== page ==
There have been very high attendances on this magical island where the VR section is housed, one must go because the combination between the very old architecture and the novelty of the VR is magic in a way.
I met with James Toback who is making a film while here called ‘Venice Lives!’ and he compared Cannes and Venice. So he said about Cannes “it’s just a strip on hotels on the Croisette overlooking the Mediterranean where once a year a film festival comes to town.” But “Venice is a city state where architecture, art and economy started for Italy” he admitted. What is your view on the identity of Venice in the global film festival arena?
Barbera: First of all, the festival, the Mostra is part of La Biennale, which is a completely different thing. I mean, La Biennale is the most important cultural institution in Italy, and there are year-long activities concerning visual art, architecture, dance, music and cinema. It’s a sort of permanent lab for contemporary art. So this changed completely the perspective because you can feel and understand that you are in the middle of an ongoing process of the renovation of art. You are participating in a process of building the new territories of contemporary art in different fields. For example, I think it would have been much more difficult to create a competition environment for VR in a traditional festival. We have been able to do that because we are used to working with visual arts, we are used to invent environments for contemporary artists and so on, and VR is a sort of cross between cinema, visual art and dance as well and theater and so on. This is a specific and original characteristic of Venice.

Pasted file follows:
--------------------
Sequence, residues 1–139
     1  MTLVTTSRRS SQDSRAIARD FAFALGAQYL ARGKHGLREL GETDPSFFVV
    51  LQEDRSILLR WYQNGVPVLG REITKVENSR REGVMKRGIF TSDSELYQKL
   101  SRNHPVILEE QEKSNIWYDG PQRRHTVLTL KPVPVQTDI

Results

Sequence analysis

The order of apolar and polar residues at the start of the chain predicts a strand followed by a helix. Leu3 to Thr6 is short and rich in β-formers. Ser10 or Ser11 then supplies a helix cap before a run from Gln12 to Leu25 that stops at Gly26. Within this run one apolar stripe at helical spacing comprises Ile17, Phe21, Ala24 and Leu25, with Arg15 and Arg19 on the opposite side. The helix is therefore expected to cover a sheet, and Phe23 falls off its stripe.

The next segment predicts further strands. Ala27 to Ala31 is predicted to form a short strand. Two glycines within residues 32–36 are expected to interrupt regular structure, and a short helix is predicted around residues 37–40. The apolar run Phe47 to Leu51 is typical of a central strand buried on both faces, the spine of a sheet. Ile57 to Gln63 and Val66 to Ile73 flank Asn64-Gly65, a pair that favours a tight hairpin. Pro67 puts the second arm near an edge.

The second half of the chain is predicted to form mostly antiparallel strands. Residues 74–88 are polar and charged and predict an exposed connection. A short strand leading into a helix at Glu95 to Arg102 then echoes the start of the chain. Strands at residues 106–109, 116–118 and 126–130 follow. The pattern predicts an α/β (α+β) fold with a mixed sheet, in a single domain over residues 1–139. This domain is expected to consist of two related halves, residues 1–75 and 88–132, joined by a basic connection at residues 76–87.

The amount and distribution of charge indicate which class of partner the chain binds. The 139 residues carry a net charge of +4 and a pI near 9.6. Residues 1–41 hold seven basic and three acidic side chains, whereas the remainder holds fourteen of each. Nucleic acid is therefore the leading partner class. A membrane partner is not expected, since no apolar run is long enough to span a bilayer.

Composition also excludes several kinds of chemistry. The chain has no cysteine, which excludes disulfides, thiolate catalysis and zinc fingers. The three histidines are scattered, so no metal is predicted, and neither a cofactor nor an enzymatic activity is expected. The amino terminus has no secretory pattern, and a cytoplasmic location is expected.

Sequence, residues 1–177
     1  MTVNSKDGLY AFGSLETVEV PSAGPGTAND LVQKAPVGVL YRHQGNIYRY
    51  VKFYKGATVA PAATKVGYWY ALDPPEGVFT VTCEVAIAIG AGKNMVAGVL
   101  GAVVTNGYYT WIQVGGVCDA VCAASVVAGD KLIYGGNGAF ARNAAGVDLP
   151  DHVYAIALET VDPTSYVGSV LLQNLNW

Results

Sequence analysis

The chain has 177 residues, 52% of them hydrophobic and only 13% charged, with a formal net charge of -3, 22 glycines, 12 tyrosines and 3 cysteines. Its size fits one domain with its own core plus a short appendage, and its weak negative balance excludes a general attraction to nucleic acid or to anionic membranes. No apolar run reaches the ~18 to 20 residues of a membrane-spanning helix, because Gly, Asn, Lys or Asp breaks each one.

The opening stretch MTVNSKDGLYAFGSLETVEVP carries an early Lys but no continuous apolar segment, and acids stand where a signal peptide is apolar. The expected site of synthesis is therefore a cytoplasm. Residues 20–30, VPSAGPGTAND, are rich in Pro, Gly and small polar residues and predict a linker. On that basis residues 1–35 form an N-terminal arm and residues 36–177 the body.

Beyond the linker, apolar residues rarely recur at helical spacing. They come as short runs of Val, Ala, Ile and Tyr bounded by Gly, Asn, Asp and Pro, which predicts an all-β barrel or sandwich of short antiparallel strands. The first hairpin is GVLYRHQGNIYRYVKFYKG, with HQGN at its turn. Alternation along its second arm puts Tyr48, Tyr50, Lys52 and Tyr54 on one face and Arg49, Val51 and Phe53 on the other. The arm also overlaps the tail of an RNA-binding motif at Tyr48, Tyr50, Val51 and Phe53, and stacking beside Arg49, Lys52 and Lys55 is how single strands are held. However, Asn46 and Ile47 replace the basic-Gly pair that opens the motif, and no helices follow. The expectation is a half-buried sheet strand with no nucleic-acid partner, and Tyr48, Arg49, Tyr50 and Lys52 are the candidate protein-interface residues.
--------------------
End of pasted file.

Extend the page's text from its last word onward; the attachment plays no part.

In this very chaotic world of ours at the moment, can cinema help us heal?
Barbera: I think so. Most of the films we have seen so far are dealing with contemporary problems that we have to face: migrations, the corruption of traditional values, the conflict between different cultures. You can find these elements almost in every single film that we have watched so far in Venice. That’s not just the festival of course, but the characteristic of cinema today, which is much more open to the world — it’s a sort of sponge for contemporary problems.